Maxwell accuser cries when asked about $2.9M Epstein payout

The first alleged victim to testify against Ghislaine Maxwell at her sex-trafficking trial cried Wednesday when she was asked about receiving some $2.9 million from a Jeffrey Esptein victim compensation fund.

The accuser, identified by the pseudonym “Jane,” paused for about 30 seconds and wiped tears from her eyes with a tissue after she was asked by a prosecutor to describe what cash meant to her.

“I wish I would have never received that money in the first place because of what happened,” the accuser responded, her voice breaking.

“In this country, compensation is the only thing you could get when you try to move on with your life and the pain and abuse and suffering I received … and try to fix myself,” she added.

Assistant US Attorney Alison Moe then asked her if she had any financial stake in the outcome of Ghislaine’s criminal trial.

“No,” the alleged victim told jurors in the federal courtroom in Manhattan.

Witness “Jane” previously settled a civil lawsuit against Ghislaine Maxwell.
UNTV/Handout via REUTERS

The accuser’s payout from the fund came up as she was questioned by the defense — in an attempt to undercut her credibility.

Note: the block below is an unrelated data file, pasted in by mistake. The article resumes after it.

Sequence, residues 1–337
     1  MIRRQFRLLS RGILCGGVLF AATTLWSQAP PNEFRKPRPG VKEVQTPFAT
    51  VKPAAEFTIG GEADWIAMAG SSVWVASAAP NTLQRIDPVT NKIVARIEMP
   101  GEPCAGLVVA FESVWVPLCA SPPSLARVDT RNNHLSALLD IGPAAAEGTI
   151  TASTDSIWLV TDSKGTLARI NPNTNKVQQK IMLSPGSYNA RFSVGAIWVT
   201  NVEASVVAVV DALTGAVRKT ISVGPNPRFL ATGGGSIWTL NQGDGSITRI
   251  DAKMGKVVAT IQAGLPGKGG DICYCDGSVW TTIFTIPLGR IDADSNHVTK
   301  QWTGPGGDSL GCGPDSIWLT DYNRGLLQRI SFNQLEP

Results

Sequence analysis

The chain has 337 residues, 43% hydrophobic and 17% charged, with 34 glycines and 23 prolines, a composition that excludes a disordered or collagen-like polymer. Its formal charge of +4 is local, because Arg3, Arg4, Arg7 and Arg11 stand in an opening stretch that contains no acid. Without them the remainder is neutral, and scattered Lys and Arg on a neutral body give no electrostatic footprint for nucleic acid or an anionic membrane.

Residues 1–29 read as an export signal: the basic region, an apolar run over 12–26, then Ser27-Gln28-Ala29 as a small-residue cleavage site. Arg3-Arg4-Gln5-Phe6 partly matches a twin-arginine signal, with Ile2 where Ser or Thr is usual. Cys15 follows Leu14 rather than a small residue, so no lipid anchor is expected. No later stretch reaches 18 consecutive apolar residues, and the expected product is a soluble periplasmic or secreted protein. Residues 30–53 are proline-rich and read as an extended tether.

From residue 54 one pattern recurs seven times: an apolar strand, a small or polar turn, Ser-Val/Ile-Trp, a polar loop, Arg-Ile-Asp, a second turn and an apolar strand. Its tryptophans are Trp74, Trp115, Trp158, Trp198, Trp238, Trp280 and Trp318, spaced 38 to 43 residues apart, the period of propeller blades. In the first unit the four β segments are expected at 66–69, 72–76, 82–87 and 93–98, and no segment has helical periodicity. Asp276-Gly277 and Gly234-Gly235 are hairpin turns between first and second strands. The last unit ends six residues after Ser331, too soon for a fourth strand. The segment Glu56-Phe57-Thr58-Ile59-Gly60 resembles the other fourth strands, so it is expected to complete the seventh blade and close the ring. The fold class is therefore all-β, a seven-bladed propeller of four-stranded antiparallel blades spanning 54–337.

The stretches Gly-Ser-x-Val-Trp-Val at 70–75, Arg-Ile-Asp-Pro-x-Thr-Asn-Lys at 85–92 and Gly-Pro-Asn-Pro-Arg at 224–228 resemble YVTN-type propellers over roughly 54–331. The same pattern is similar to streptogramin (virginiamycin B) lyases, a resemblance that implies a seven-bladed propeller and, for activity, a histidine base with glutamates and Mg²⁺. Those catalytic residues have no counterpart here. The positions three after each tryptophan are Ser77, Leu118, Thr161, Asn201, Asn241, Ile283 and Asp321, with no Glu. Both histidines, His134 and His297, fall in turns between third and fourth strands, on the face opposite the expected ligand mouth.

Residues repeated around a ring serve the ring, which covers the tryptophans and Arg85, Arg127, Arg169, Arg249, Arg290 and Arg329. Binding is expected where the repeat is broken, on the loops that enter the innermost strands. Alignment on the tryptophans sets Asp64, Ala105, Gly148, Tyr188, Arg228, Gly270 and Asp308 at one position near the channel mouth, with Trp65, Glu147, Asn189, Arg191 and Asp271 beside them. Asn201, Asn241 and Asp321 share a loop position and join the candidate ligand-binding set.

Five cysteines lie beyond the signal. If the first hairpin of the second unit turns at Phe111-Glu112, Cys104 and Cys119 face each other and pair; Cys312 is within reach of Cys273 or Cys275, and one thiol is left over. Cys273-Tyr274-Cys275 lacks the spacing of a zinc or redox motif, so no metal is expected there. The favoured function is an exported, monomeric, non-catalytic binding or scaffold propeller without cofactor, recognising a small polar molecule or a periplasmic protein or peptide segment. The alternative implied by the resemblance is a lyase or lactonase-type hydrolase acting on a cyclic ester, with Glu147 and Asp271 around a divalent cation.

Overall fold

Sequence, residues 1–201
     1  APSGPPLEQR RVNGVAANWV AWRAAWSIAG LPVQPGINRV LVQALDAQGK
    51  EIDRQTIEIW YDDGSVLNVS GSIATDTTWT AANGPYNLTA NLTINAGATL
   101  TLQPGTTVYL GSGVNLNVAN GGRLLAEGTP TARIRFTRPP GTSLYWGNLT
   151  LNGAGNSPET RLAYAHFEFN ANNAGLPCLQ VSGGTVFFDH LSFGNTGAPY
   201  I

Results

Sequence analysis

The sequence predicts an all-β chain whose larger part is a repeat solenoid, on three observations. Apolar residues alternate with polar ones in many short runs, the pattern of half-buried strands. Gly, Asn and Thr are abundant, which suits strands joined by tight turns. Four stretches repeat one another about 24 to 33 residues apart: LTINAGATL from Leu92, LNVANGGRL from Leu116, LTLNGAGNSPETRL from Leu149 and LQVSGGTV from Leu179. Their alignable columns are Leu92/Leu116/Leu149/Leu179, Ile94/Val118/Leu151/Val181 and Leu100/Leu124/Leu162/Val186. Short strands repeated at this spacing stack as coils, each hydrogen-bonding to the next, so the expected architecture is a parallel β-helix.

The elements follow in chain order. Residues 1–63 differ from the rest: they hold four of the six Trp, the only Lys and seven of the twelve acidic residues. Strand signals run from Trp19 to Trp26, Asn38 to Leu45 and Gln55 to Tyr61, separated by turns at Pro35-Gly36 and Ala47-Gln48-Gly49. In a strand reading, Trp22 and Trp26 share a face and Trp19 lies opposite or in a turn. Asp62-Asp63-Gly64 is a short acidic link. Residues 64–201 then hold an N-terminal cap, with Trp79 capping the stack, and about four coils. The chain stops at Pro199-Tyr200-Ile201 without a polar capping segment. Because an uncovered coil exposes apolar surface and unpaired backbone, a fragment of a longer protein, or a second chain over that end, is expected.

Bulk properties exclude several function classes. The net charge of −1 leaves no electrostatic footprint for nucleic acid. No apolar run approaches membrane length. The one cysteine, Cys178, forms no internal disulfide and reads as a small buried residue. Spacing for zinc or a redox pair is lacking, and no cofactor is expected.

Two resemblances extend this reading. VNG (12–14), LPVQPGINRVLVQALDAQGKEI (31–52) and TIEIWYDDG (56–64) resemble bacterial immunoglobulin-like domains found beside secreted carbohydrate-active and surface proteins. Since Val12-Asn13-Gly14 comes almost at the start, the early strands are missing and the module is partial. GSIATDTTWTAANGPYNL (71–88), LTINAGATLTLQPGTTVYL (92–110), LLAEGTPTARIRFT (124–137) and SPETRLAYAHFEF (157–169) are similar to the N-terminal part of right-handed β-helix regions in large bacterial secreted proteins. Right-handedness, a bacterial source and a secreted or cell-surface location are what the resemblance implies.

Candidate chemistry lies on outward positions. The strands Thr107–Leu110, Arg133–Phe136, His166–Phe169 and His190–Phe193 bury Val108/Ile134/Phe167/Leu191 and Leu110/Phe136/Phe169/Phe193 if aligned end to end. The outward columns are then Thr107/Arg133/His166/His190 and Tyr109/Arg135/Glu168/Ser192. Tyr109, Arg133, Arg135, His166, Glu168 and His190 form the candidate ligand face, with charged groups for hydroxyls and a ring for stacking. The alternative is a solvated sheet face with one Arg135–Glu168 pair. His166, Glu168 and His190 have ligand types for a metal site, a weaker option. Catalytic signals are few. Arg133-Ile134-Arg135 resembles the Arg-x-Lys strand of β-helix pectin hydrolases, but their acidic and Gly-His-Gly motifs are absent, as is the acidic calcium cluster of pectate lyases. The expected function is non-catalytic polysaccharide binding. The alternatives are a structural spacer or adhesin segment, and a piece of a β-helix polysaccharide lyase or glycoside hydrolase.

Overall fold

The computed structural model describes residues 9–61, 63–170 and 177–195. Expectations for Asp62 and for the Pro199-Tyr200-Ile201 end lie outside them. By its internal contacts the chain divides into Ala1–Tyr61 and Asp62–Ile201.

Jane was awarded $2.9 million from the Epstein compensation fund in 2020. She had to agree to settle a civil suit she brought against Maxwell and the dead financier’s estate to receive the payout.

Before she cried on the stand, Jane testified that she agreed to work with federal prosecutors because she wanted to get “closure” decades after her alleged abuse by Epstein and Maxwell.

Ghislaine Maxwell, the Jeffrey Epstein associate accused of sex trafficking, looks at her brother Kevin Maxwell and sister Isabel Maxwell during her trial in a courtroom sketch.
Ghislaine Maxwell, the Jeffrey Epstein associate accused of sex trafficking, looks at her brother Kevin Maxwell and sister Isabel Maxwell during her trial in a courtroom sketch.
Reuters
Defense lawyer Laura Menninger questions witness "Jane" during the trial of Ghislaine Maxwell, the Jeffrey Epstein associate accused of sex trafficking, in a courtroom sketch in New York City, U.S., December 1, 2021.
Ghislaine Maxwell’s defense lawyer, Laura Menninger (left), questioned a $2.9 million payout witness “Jane” received from a victim compensation fund.
REUTERS/Jane Rosenberg

“This is something I have been running from my entire life,” she said.


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“I am just tired of it. I was just hoping that I could help in any way to make that happen and find some peace … finally,” she added.